A new malware has been discovered, posing as PayloadBIN, which is actually a rebranded ransomware used by the Evil Corp group. It is used by the group to bypass sanctions imposed by the Department of Treasury’s Office of Foreign Assets Control (OFAC) based in the U.S.

What has happened?

After being sanctioned by the U.S. government in 2019, Evil Corp started rebranding its ransomware operations to different names (Hades, Phoenix, and WastedLocker) to avoid these sanctions.
  • Earlier, the group targeted the Metropolitan Police Department in Washington, DC, and then it impersonated the Babuk group and claimed to be quitting ransomware encryption and focusing on data theft.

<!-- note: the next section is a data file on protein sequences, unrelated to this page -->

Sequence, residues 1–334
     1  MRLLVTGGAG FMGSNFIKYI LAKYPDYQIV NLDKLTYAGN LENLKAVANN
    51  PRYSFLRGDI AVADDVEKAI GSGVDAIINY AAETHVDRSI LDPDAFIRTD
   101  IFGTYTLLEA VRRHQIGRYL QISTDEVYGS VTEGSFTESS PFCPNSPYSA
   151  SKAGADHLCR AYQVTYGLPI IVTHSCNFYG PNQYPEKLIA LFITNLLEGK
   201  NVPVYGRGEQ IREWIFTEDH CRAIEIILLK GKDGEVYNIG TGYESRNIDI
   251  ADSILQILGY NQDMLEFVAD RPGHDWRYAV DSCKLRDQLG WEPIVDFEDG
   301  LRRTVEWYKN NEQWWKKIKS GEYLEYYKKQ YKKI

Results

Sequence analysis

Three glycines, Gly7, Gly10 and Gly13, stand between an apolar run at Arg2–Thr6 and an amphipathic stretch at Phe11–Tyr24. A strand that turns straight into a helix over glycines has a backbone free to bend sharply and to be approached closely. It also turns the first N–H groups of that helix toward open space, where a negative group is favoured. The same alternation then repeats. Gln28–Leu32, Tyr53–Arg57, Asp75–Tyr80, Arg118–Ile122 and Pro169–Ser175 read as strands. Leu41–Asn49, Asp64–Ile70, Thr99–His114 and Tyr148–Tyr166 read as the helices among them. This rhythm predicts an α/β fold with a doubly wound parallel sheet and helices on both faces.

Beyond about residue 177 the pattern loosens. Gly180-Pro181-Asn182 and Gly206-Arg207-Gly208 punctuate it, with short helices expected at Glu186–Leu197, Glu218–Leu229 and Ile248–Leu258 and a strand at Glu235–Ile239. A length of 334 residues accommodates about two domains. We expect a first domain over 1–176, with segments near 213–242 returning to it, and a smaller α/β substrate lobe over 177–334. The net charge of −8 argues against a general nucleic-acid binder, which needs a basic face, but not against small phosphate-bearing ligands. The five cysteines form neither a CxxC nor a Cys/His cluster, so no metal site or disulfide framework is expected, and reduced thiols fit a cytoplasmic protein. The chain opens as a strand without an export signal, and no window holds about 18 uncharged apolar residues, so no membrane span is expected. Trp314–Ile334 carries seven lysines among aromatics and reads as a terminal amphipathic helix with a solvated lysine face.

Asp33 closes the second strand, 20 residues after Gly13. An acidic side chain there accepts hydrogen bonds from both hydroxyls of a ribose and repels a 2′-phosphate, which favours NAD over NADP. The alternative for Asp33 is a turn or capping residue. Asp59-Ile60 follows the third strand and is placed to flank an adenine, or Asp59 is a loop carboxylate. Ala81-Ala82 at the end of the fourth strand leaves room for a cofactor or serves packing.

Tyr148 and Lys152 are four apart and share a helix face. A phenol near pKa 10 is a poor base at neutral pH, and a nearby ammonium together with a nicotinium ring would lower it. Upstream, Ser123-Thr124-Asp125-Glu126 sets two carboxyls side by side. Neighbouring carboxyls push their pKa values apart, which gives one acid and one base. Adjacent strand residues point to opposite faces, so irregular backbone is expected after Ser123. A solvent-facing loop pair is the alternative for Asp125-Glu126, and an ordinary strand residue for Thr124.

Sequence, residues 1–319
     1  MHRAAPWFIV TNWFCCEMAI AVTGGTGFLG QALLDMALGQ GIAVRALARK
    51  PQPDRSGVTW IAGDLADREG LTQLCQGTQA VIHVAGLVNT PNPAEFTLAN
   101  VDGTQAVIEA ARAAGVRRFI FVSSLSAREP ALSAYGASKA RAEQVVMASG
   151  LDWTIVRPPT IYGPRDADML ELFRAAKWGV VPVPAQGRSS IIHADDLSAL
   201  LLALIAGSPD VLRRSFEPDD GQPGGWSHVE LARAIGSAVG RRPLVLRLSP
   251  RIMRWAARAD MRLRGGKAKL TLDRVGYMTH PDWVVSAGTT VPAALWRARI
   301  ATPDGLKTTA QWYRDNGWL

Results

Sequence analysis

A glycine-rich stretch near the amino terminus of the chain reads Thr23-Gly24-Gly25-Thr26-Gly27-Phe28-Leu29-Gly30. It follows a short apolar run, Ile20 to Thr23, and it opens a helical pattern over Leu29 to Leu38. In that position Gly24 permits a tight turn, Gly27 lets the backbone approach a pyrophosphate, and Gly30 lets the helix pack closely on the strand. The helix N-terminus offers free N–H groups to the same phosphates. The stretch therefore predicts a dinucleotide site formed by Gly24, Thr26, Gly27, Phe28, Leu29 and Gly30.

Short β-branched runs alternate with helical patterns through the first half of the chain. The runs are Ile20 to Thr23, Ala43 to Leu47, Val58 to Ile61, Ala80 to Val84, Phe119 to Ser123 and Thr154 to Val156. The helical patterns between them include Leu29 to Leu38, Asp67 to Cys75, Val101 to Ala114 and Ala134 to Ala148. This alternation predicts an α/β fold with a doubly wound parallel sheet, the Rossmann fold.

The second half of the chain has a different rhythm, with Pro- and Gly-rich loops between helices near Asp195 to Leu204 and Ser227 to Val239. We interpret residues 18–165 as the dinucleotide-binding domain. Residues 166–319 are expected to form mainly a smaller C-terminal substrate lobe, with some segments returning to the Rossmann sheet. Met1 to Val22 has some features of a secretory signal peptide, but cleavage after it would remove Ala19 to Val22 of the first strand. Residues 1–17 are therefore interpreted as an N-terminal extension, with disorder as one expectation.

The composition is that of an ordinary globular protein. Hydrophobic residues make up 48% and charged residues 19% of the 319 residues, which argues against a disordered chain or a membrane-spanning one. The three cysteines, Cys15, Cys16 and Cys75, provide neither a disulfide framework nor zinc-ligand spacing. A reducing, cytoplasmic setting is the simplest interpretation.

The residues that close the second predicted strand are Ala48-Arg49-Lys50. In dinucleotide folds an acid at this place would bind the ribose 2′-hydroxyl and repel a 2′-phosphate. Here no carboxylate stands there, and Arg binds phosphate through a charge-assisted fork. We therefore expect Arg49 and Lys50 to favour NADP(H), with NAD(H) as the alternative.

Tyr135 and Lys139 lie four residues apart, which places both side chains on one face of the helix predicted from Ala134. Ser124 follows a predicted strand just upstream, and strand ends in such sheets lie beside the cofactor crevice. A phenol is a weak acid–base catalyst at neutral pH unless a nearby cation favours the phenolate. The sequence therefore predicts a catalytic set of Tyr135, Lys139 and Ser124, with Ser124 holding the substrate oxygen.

• In late May, the Babuk data leak site had a refreshed design where the ransomware gang rebranded itself as a new group called payload bin (a rebranded version of WastedLocker).
  • This rebranded version of Wastedloacker appends the .PAYLOADBIN extension to encrypted files. It is clearly an attempt made by Evil Corp to fool victims into violating OFAC regulations.
  • Furthermore, a ransom note (PAYLOADBIN-README[.]txt) is displayed after infection, which mentions that the targeted networks of victims are locked with PayloadBIN ransomware.

Recent attacks by Evil Corp

The group is actively rebranding its ransomware operations and has successfully targeted several organizations lately. 


Even after the recent rebranding efforts made by Evil Corp, the ransomware is now linked back to it. This implies that most of the ransomware negotiation firms are likely to avoid any sort of help in facilitating payments for victims targeted by the PayloadBIN ransomware. Moreover, such threat groups can not be taken lightly, and therefore, organizations should always avoid paying any ransom to them.
Cyware Publisher